i cannot imagine any kind of scenario that has you continuing to pay rent. just let the landlord know you're out of there, and stop forking over any cash.

I am not a lawyer, but I am an experienced renter in Canada (though in BC, not ON).

Until Ms. Anonymous ends her tenancy, she is legally liable for a portion of the rent. If Mark keeps the rent that he receives from his "guest", there's not much that Ms. Anonymous can do about it.

The part that I'm confused about is the "guest" being considered a guest. I would think that all leaseholders must consent to a guest's presence, otherwise Ms. Anonymous would have the right to expel him. Perhaps an informed legal opinion (despite what the Police Officer said) is necessary.
posted by randomstriker at 5:14 PM on November 1, 2009


Most importantly: document everything and save it.

Based on the documents linked above, it sounds like you might be able to work with the landlord and the "guest" to assign the tenancy, since you have (and should have) no intention of returning to the rental unit.

The "guest" may be (and should be) more willing to do this since he will be able to pay the landlord directly and not worry about getting his money lost in what he perceives to be part of the messy breakup. It'll also save him a few bucks every month.

That said:

I think your legal beef in this is with Mark. If the other players are unwilling to work something out, it's you and Mark that are the ones legally obligated to resolve the situation.

Unfortunately, the lost money is probably is lost, unless you take it to the mats.
posted by pokermonk at 5:28 PM on November 1, 2009


Can you arrange to sub-lease your part (maybe to a co-operative friend) and then see what happens when that friend tries to move in? If Mark and the guest don't allow it, seek help from landlord/other authorities.

Strike deal with Mark to cancel your new sub-lease, allow guest to stay and you drop payments.
posted by Xhris at 6:40 PM on November 1, 2009


From the original poster:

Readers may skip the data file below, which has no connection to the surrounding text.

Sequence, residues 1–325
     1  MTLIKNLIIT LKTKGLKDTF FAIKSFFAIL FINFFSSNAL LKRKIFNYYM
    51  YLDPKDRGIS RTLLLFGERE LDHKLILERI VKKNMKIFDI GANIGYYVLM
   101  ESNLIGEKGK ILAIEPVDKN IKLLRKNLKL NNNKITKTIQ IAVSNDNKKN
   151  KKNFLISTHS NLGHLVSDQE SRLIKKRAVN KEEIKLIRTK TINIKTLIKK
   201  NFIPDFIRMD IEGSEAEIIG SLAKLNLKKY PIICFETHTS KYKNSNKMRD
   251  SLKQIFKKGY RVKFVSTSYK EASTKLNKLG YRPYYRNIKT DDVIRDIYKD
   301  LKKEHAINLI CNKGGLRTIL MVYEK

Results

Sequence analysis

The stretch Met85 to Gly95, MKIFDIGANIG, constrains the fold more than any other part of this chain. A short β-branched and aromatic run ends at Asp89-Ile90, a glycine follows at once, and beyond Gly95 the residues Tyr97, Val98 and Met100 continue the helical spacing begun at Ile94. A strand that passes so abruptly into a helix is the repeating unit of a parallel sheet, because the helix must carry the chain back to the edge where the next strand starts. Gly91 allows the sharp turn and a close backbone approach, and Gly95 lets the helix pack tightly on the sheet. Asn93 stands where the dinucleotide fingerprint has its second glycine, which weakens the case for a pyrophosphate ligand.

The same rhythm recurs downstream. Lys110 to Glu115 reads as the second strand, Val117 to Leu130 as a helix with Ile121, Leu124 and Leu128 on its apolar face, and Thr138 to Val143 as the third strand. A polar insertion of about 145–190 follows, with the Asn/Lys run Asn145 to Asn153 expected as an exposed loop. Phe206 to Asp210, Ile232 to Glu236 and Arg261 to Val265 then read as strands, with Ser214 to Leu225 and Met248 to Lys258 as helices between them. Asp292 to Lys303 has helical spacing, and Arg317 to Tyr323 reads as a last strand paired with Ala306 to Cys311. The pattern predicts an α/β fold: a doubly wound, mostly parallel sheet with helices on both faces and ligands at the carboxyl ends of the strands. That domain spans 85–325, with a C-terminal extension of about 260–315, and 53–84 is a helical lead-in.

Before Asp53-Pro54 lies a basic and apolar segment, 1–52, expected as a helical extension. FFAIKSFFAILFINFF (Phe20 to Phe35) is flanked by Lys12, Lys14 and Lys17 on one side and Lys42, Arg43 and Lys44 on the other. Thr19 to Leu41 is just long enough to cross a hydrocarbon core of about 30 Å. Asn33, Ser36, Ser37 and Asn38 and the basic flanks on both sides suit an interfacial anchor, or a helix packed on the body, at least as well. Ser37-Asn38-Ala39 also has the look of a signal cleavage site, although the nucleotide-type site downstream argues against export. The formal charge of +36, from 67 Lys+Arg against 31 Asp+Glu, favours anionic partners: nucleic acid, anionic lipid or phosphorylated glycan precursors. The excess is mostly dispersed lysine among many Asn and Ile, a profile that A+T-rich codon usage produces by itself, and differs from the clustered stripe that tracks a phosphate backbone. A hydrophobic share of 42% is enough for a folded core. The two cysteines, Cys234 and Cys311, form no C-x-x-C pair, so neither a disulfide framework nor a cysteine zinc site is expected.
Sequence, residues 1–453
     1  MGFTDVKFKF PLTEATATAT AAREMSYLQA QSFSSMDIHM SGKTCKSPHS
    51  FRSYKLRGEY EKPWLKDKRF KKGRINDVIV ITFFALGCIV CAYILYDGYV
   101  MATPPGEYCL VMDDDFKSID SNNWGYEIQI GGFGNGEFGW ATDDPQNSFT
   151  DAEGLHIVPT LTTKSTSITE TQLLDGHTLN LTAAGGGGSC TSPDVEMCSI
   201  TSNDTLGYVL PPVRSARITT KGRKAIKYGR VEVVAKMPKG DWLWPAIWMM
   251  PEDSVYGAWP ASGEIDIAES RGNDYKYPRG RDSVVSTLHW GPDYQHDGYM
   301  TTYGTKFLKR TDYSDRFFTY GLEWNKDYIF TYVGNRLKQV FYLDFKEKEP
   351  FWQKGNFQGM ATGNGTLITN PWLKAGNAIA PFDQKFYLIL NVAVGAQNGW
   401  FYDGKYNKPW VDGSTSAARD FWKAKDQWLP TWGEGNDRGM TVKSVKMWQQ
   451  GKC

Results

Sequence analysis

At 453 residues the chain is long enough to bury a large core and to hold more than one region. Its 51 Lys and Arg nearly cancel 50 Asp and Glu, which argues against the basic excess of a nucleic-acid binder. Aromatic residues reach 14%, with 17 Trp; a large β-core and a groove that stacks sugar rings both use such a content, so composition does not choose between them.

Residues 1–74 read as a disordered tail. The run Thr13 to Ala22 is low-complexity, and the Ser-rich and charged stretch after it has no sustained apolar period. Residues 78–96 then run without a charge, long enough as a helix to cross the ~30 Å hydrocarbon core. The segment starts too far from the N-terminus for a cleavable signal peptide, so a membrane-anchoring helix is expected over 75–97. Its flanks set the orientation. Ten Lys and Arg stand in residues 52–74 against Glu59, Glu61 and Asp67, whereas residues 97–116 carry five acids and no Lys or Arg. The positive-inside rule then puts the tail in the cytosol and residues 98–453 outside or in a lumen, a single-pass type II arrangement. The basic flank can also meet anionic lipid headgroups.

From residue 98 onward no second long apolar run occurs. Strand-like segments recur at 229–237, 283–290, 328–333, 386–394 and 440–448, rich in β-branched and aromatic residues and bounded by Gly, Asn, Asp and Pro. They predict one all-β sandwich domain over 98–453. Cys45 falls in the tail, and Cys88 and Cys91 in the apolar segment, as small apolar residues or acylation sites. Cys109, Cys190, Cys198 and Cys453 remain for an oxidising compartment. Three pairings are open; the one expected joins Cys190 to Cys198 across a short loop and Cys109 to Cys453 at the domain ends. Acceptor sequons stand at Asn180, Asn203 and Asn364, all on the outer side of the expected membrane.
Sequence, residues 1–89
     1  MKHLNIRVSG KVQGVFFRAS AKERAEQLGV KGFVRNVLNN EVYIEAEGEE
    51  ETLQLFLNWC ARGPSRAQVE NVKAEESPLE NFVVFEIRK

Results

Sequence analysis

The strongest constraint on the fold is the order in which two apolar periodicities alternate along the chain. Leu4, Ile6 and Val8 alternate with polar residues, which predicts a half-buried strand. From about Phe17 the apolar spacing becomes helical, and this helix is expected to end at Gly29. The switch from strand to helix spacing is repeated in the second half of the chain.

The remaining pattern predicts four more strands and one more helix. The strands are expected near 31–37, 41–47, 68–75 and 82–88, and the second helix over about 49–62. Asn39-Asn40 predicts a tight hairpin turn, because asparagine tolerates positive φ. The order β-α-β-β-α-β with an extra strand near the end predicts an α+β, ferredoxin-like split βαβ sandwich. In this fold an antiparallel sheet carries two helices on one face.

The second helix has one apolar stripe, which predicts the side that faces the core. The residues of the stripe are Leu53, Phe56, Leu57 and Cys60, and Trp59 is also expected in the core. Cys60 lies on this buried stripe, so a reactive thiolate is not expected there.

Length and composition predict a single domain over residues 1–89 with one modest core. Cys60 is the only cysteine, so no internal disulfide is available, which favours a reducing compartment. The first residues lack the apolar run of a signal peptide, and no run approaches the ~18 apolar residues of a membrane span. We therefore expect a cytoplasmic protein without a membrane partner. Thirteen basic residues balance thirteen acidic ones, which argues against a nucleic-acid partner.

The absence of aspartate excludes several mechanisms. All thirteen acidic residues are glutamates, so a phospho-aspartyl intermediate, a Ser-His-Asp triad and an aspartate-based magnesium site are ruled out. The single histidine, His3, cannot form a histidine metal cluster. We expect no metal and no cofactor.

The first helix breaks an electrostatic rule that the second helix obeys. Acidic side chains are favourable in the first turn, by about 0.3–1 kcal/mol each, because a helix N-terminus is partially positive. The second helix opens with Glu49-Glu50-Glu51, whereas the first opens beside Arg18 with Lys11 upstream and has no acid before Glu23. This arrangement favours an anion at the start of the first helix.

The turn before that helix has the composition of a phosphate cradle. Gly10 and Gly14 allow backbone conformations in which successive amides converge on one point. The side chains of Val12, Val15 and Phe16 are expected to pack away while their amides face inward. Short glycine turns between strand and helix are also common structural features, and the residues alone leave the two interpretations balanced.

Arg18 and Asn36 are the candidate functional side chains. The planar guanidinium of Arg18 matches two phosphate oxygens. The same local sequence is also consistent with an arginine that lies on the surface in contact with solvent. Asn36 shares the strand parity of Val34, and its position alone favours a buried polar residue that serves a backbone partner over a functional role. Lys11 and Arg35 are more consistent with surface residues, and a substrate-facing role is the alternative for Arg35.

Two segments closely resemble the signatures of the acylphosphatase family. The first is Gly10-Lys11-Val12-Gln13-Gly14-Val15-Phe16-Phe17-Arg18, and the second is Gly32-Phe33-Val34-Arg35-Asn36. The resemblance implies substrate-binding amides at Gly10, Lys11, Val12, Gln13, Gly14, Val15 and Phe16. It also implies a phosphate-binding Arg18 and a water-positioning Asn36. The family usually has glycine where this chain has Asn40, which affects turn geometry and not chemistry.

1. As for ending the tenancy, I've already submitted my two months notice. However, as far as I know, my name is still on the lease until the end of that 2 month period and I'm still liable for any damages caused until then.

2. I actually already did notify the new roommate about him being ripped off. The first time we spoke, I left him know the actual amount of the rent/bills.

3. randomstriker's post basically mirrors how I feel. I'm afraid that the new roommate's rent won't be passed on to the landlord and I don't want to be held liable for that - hence my not wanting to stop paying rent. I was pretty confused about the whole "guest" thing too.

4. I've been trying to make some kind of agreement with Mark or with the new roommate, but neither wants anything to do with that. The new roommate doesn't want to have any kind of sublet agreement on the basis that "it's only a few months" until the lease ends and that he'd be able to get his name on the actual lease (the lease I have with Mark ends December 31st).
posted by mathowie at 7:34 PM on November 1, 2009


Give your manager a WRITTEN notice that you are moving out. Give a date that you will be "out" of the apartment (even though you already ARE). You should state that Mark will still be living in the apartment, and will be responsible for ALL costs related to the address from the date you list. After that day, you should STOP PAYING! You can TRY to get Mark to sign that notice, but you don't have to.

When I moved out from my ex, I gave 30 day's notice, as was required in California. I wasn't legally responsible for any damages or costs from the date of my move out, and they couldn't come after me when my ex left them in the lurch!

In most states, that is enough to cover your butt. You might also publish it in a newspaper that you are no longer responsible for any damages or costs related to the address. It could help with any legal action in the future...

You might ask the landlord if they would accept a backdated notice, since you had already moved out, and ask if they will do a damage walkthrough. Offer them 50% of any damage costs they find, and they'll be really happy with you!
posted by Jinx of the 2nd Law at 9:31 PM on November 1, 2009


My impression of your question is that it sounds like you are trying to make life as painful for Mark as possible. If I were you, I would just call him up (or email him if things are bad) to tell him that:

You are aware that he's found someone that has been paying for your room, so the fair thing to do would be to reimburse you for those months that he has been collecting rent.

That's it.